Interview with Wilf:|
Published Monday, September 7, 1998, in the San Jose Mercury News
Why the chip industry is ready for huge recovery
The semiconductor industry has weathered the current industry down cycle far better than many in the past, says Wilf Corrigan, founder and chief executive of LSI Logic Corp. and former CEO of Fairchild Semiconductor Corp.
And he expects the industry to rebound explosively next year -- thanks to an increase in demand and a shortage of supply caused by tight inventories and plant shutdowns. However, he worries that the shortage of students in science and engineering will hamper the country's high-tech future.
Here's an edited version of answers Corrigan gave in an interview with Mercury News reporters last week:
Q When do you see the chip recovery coming?
A My bias is to be optimistic, and I've been through a lot of these cycles. This is the longest down cycle that we've had, and I've always felt you should look on these down cycles as the hangover before the party. I think the party will come sometime next year, maybe in the second or third quarter.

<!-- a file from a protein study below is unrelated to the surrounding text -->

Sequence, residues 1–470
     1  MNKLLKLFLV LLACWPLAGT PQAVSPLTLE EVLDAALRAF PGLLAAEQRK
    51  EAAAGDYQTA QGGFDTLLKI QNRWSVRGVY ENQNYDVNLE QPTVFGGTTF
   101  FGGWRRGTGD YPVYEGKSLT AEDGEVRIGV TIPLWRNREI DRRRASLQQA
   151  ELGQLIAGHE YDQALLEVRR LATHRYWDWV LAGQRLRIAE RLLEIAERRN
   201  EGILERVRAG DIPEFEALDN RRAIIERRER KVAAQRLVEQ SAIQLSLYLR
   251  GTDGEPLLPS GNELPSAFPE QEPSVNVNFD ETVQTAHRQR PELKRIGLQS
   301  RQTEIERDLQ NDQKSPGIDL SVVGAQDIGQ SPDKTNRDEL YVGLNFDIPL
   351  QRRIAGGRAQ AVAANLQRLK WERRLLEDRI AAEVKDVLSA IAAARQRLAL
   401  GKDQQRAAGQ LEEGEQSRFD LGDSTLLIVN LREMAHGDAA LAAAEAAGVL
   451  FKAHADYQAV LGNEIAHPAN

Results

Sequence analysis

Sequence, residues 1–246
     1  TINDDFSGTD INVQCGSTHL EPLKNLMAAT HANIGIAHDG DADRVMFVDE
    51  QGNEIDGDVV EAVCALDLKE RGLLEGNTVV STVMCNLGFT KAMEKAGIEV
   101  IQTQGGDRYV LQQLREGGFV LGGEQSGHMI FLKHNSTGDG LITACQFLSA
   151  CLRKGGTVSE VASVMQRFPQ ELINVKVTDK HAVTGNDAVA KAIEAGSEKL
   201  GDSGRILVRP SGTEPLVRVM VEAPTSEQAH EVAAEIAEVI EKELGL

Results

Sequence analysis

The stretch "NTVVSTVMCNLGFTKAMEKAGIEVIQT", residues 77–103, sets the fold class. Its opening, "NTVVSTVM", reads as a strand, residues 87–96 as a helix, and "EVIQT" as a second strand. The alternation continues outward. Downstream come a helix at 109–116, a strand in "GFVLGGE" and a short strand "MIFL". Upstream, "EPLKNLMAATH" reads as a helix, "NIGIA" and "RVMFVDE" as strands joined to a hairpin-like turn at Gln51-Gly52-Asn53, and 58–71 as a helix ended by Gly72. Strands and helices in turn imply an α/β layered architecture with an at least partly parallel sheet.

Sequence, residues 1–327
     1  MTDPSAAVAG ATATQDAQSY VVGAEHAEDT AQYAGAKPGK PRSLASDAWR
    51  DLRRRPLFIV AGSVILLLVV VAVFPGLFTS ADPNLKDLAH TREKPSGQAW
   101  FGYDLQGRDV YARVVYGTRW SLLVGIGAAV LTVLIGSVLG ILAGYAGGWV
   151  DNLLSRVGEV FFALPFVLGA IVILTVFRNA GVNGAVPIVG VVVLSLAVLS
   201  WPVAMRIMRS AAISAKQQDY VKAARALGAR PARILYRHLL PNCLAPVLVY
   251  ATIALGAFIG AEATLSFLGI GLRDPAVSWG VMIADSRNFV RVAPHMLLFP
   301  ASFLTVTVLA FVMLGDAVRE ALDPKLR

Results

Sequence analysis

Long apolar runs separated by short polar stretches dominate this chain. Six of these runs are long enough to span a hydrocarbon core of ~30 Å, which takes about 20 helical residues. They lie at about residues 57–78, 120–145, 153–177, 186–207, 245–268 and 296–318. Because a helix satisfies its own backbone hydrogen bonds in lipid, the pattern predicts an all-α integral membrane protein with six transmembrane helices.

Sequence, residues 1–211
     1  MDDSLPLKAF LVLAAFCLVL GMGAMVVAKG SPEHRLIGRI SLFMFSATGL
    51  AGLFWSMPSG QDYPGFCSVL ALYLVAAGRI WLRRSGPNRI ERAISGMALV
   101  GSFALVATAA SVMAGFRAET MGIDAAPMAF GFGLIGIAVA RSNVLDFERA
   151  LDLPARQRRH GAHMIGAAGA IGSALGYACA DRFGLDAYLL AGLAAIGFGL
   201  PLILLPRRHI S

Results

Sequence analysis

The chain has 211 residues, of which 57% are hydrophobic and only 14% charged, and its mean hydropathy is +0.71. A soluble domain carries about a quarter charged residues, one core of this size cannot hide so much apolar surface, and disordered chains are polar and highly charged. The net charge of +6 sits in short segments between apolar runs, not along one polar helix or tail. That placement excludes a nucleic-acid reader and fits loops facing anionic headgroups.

There's no inventory in the system, and the Internet demand is doubling every 100 days. It's amazing. The things that people want to do on the Internet is probably over time going to force them to get more and more sophisticated equipment (which will increase the demand for semiconductors).
On top of that, plants are being shut down. Siemens is shutting down two plants. Texas Instruments is getting out of the DRAM business, which is going to take capacity off-line. There are a lot of quiet shutdowns in Japan. The Koreans -- if they don't have any money, how are they going to buy more equipment? So they're taking capacity off-line.
Remember Moore's law: Every 18 months you get a new technology. In three years, that's two generations, so a lot of the plants that were around in '95 essentially are functionally obsolete.
Most U.S. companies have gotten through this period reasonably well. If you just went back and looked through your headlines from '85, '80, '75, '70 -- It was Armageddon. Will Intel survive? Will AMD survive? You don't really see those sort of headlines in this time-frame.
If you went to Japan, you'd see a totally different perspective. They have gone through a seven-year recession.
Q How has the Asia crisis affected your business?
A In two ways. There's the direct effect, which we saw toward the end of last year. It affected a lot of people in the industry but didn't affect us very much initially because less than 5 percent of our business is in Asia.
But I think what we're seeing in the third quarter is what I would call the secondary effect of the Asian crisis, which is where our big European and big U.S. customers are being affected even though their U.S. business is still strong.